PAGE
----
3 x Red Eyrie
1 x Green Eyrie
Petpets and Equipment (5)
Experienced Neopets (7)
The important faerie type in the Tidal Wave deck is Water. And the Water pet to watch is the Poogle! The basic Poogles are all rare, so it can be hard to put together a Poogle deck, but it's well worth it, and all because of the Poogle Racer.
The Basic Poogles have fairly equal stats across the board, so you don't have to worry about getting too many of them the way you would with Grarrls, for example. This kind of versatility gives this deck an early advantage - you are banking cards while your opponent is fumbling with the "wrong" pets.
The ideal situation for this deck is to have an Eyrie in the Strength arena and Poogles in two of the other arenas. Don't waste much time attaching equipment to your pets in the early stages unless they are really outmatched, but don't bank your equipment either - you should be banking fours, after all! The deck is loaded with Experienced pets, so it shouldn't take long to get a couple of them out.
When you get a Poogle Racer into play, it may not be a bad idea to put some equipment onto him, so that he can be a threat in arenas other than Agility. At least one Poogle Racer should be strong enough to take on Villains across the board so that you can unblock empty arenas. The Sceptre of Banishing looks very good on a Poogle Racer. Jerdana's Orb and the MSPP also serve this same purpose.
You may not always want to beat Villains, though. If your opponent has a lot of Villains, and especially if those Villains are Shadow Usuls, you may want to focus your attention on one or two arenas. This is where the Poogle Apprentice comes in handy. If you put a Poogle Apprentice in the Strength arena with a Battle Eyrie, you'll have a base of 20 and two dice rolls - even the dreaded Grarrl Gladiator will lose over 70% of the time against that team. Your opponent will quickly be sorry for playing so many Villains!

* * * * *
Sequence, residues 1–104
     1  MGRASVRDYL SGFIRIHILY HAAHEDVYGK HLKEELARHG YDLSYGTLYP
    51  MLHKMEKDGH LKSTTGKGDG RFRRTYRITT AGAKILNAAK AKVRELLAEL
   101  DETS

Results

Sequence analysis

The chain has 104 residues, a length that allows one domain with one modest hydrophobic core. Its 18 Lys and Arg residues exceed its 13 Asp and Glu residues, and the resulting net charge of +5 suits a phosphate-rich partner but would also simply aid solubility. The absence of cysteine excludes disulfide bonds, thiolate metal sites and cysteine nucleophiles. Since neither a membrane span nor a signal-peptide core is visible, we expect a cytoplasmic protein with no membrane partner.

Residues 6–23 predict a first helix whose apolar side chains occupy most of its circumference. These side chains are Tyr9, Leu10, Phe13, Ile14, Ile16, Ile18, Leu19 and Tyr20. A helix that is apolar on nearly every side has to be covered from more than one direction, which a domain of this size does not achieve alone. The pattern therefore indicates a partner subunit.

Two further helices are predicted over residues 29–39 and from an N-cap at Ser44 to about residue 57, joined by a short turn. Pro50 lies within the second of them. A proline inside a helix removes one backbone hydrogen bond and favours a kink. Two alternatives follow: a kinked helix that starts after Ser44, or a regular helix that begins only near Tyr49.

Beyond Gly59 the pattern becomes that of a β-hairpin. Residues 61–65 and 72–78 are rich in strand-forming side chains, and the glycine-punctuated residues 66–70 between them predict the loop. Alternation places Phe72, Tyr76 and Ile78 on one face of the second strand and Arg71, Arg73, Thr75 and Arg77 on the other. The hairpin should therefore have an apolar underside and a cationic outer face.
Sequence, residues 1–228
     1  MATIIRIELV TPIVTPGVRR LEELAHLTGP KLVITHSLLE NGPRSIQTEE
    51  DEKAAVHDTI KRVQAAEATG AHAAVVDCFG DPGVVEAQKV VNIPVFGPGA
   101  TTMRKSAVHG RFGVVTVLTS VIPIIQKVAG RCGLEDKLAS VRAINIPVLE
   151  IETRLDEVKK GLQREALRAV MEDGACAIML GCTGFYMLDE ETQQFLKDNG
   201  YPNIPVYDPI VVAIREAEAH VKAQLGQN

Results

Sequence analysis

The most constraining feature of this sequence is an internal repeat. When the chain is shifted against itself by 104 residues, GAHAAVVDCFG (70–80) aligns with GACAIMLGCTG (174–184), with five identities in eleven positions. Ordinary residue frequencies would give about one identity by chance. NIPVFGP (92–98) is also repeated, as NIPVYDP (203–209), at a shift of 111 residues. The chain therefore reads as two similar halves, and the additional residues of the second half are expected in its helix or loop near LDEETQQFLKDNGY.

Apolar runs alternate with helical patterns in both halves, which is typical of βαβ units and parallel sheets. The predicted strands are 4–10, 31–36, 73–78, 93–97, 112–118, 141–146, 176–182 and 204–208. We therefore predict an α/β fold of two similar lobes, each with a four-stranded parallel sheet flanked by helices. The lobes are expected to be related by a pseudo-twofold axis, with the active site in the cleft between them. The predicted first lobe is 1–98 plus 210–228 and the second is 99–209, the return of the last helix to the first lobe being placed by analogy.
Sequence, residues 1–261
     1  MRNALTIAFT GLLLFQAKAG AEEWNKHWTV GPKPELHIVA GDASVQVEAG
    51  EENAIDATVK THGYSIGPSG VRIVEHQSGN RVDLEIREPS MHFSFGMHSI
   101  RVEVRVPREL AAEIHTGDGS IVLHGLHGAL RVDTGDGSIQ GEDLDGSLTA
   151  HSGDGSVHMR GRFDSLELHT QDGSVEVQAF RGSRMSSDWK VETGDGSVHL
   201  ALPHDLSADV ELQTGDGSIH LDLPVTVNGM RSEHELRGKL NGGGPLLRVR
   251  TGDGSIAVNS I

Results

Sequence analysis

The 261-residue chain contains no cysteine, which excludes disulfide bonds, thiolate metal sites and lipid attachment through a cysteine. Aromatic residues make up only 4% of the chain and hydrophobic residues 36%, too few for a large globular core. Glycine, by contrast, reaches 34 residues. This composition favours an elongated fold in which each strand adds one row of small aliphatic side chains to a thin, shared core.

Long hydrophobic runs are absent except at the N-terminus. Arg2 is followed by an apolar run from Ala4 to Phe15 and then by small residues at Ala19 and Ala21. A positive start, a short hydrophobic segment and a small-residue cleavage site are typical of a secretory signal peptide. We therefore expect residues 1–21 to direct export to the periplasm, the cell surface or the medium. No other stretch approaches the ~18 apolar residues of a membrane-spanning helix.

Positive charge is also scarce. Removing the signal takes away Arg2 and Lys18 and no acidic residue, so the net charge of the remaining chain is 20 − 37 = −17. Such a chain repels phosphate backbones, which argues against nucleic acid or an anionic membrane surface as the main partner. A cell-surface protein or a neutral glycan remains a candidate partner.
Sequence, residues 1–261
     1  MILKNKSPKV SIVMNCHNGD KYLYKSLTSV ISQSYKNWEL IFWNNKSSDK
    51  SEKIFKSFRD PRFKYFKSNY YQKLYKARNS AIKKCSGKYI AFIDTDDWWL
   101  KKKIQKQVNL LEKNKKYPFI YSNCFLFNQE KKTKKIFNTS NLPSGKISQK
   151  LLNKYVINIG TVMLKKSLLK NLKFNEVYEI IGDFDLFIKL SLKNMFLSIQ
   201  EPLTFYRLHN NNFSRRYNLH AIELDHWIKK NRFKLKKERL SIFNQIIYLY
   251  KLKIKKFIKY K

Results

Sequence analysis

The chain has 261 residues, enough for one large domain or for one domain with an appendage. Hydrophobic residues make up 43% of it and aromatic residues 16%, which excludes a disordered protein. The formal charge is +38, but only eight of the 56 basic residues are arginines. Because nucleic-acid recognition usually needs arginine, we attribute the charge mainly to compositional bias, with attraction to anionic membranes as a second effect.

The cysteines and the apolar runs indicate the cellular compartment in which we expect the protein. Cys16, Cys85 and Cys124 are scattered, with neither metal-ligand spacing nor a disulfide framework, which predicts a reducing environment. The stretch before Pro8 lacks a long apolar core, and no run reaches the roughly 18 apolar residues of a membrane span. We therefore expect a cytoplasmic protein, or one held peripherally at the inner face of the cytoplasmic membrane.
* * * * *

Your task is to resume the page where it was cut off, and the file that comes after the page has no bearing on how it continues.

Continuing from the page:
Other Cards of Note
Malevolent Sentient Poogle Plushie - The MSPP is always a handy card to have around. It's most useful against Villains, who all crumble before it. It's name provides you with a couple of good vocabulary words, too - look them up and impress your teachers! But be warned, the MSPP won't help ward off bullies.
Eliv Thade - A very handy Villain. If you are outmatched in the Intelligence arena, Eliv Thade will be glad to block it up for you. On the other hand, if you don't want to play him, you can put him in the Strength arena or Agility arena on your turn where you can beat him easily. Since he untaps you and gives you a card, you're basically just replacing him with another card! Another possibilty: You can put him in the Agility arena if your opponent doesn't have any pets in there to prevent your opponent from playing a Shadow Usul on you! It's good to have choices.
Juppies - Ok, they're just Juppies. Four point items just aren't all that exciting - there are no holo fours or rare fours, but if it makes you feel better, you can load up on uncommon fours like these.
Slorg Trails - Remember how I was saying that the Poogle Racer is a great combo card? Well, this is one of those combos. Pull your Poogle Racers out of arenas that your opponent's pets are in, and maybe even move your other pets out, too. A couple of these in a row, and you'll have ample time to defeat any (non-Usul) Villains, bank some points, attach some equipment, and get back to fighting without ever giving your opponent a chance to do anything but draw cards! Never play 3 Slorg Trails in a row, though - you may win the game, but it's not worth losing a friend over! J Boogie still won't talk to me!